The tension that has been brewing in recent months among the Telecommunications Regulatory Board members over Puerto Rico Telephone/Claro’s cable franchise license petition escalated another notch late last week, when two agency members sued Associate Member Nixyvette Santini in San Juan Superior Court.
In the unprecedented 18-page lawsuit obtained Tuesday by this media outlet, agency President Sandra Torres and Associate Member Gloria Escudero pitted against Santini, asking the court to issue a preliminary and permanent injunction to prevent her — or any agency official — from divulging any information shielded by confidentiality and attorney-client privilege rules.
At the crux of the petition is a dissident opinion that Santini issued in November 2011, reacting to certain decisions by Torres and Escudero regarding PRT/Claro’s franchise license petition, originally submitted in February 2008. The petition snowballed into a three-year battle between the carrier and its would-be cable industry competitors, who took the matter through multiple legal forums.
Ultimately, the courts reverted the case back to the TRB, which in August 2011 held a public hearing — that became heated in several instances — to obtain additional information. In late October, the agency drafted and approved a license agreement that included a string of conditions to ensure competitive fairness.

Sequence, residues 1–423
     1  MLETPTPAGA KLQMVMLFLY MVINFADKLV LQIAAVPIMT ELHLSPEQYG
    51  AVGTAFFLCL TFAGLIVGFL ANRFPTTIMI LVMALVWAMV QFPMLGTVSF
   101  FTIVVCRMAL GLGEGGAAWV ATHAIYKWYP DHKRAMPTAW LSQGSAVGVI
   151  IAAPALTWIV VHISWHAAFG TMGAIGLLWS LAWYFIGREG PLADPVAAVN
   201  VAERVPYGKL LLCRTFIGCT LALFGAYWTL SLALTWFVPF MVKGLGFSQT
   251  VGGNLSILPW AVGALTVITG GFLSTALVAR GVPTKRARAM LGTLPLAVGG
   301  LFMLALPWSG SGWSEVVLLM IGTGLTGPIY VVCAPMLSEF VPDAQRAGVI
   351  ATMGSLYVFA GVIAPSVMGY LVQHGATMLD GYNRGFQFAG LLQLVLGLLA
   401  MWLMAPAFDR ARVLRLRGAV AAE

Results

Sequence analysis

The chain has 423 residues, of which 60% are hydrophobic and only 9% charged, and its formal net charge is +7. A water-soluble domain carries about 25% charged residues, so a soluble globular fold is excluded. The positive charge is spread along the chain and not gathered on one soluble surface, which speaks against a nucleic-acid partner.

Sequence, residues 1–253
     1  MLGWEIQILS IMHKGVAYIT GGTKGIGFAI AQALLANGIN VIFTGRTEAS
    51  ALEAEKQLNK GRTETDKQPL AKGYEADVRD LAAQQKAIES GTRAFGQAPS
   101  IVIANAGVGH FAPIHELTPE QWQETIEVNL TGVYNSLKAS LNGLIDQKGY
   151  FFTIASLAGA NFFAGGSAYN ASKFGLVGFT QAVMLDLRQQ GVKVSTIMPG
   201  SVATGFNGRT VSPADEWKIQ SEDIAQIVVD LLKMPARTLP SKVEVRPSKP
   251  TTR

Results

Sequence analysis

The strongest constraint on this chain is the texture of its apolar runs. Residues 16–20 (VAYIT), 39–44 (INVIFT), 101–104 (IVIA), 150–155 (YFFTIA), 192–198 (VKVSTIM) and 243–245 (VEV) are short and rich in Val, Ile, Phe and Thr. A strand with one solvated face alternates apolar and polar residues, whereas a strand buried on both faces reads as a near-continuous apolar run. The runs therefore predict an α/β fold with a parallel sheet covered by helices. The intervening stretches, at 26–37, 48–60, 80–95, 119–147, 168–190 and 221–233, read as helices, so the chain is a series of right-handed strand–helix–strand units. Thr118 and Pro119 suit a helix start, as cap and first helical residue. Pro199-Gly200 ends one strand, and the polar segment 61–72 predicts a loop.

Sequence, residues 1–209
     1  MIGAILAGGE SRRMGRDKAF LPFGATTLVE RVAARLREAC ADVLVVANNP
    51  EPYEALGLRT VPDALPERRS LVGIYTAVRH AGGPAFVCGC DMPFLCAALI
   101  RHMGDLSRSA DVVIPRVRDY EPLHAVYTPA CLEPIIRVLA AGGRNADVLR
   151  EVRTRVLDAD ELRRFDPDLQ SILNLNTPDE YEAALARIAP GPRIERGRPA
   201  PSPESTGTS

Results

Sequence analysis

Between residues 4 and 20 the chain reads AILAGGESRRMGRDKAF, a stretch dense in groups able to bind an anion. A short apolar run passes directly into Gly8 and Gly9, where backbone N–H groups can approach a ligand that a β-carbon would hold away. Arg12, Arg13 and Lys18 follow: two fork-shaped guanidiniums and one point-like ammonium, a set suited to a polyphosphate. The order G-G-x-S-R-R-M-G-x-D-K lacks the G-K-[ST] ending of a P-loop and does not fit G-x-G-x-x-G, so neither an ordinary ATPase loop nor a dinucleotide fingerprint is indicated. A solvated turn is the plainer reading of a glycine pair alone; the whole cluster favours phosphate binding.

However, a few days after the order was released, the majority members headed by Torres made the self-determination to revoke it, saying it was “illegal” and lacked consensus.
A new order, with different conditions, was re-issued Nov. 17, unleashing Santini’s scathing dissenting opinion in which she said, among other things, that Torres had acted in an irregular manner.
Attempts to reach Torres were unsuccessful late Tuesday.
One dissenting order after another
In the lawsuit, plaintiffs Torres and Escudero also told the court that after Santini filed her dissenting opinion in which she revealed details of the agency’s decision-making process, she was asked to withdraw it and revise it to exclude that information they claimed breached confidentiality clauses protecting internal agency proceedings.
Far from withdrawing her opinion, Santini went on to issue two more dissenting documents that the agency has not accepted for the record. In her defense, Santini said dissenting opinions are not covered by confidentiality clauses, as they are part of the administrative decision-making process.
News is my Business consulted with several sources on this matter, who agreed that what the majority members are trying to do is to “censure Santini. The confidentiality issue cannot apply to the members because then they would have no way to correct the public record.”
In the lawsuit, the plaintiffs further told the court that it is Santini’s intention to continue disclosing “confidential and privileged” Board information, pressing for the injunction.
“It’s evident…that Santini has no intention to protect the confidentiality of the legal opinions that the Board requests and obtains as part of the general handling of its affairs, which are protected by attorney-client privilege and thus protected from disclosure by its members, absent an express waiver of the Board,” the document in which Torres and Escudero seek the injunction stated.
San Juan Superior Court Judge Giselle Romero García, who held a hearing on the matter Monday, is handling the case. Her decision was not available Tuesday, so it remained unclear whether she had granted the injunction. The next hearing is scheduled for May 28, News is my Business learned.
Because this case is separate from PRT/Claro’s cable franchise request, it should not affect its plans to move ahead with launching islandwide Internet Protocol TV services.